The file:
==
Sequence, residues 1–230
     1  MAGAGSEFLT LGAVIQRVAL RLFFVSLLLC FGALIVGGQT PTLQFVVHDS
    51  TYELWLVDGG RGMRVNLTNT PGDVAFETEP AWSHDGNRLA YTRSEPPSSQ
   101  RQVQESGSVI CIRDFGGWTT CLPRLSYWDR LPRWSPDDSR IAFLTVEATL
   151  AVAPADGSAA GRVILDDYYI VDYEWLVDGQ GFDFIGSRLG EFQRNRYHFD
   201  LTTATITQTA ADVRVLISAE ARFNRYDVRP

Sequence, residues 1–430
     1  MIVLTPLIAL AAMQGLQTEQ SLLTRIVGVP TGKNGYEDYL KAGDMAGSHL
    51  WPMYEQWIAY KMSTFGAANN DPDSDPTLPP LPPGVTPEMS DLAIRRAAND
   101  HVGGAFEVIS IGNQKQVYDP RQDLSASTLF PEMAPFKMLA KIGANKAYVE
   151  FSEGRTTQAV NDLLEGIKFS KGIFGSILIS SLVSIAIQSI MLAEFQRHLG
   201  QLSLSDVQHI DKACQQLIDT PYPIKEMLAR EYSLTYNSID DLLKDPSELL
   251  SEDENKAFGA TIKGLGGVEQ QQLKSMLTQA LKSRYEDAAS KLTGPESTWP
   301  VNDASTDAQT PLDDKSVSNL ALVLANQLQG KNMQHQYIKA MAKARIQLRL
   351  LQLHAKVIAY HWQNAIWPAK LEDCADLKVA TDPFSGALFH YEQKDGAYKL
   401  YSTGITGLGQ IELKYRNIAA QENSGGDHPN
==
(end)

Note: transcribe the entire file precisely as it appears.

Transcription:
Sequence, residues 1–230
     1  MAGAGSEFLT LGAVIQRVAL RLFFVSLLLC FGALIVGGQT PTLQFVVHDS
    51  TYELWLVDGG RGMRVNLTNT PGDVAFETEP AWSHDGNRLA YTRSEPPSSQ
   101  RQVQESGSVI CIRDFGGWTT CLPRLSYWDR LPRWSPDDSR IAFLTVEATL
   151  AVAPADGSAA GRVILDDYYI VDYEWLVDGQ GFDFIGSRLG EFQRNRYHFD
   201  LTTATITQTA ADVRVLISAE ARFNRYDVRP

Sequence, residues 1–430
     1  MIVLTPLIAL AAMQGLQTEQ SLLTRIVGVP TGKNGYEDYL KAGDMAGSHL
    51  WPMYEQWIAY KMSTFGAANN DPDSDPTLPP LPPGVTPEMS DLAIRRAAND
   101  HVGGAFEVIS IGNQKQVYDP RQDLSASTLF PEMAPFKMLA KIGANKAYVE
   151  FSEGRTTQAV NDLLEGIKFS KGIFGSILIS SLVSIAIQSI MLAEFQRHLG
   201  QLSLSDVQHI DKACQQLIDT PYPIKEMLAR EYSLTYNSID DLLKDPSELL
   251  SEDENKAFGA TIKGLGGVEQ QQLKSMLTQA LKSRYEDAAS KLTGPESTWP
   301  VNDASTDAQT PLDDKSVSNL ALVLANQLQG KNMQHQYIKA MAKARIQLRL
   351  LQLHAKVIAY HWQNAIWPAK LEDCADLKVA TDPFSGALFH YEQKDGAYKL
   401  YSTGITGLGQ IELKYRNIAA QENSGGDHPN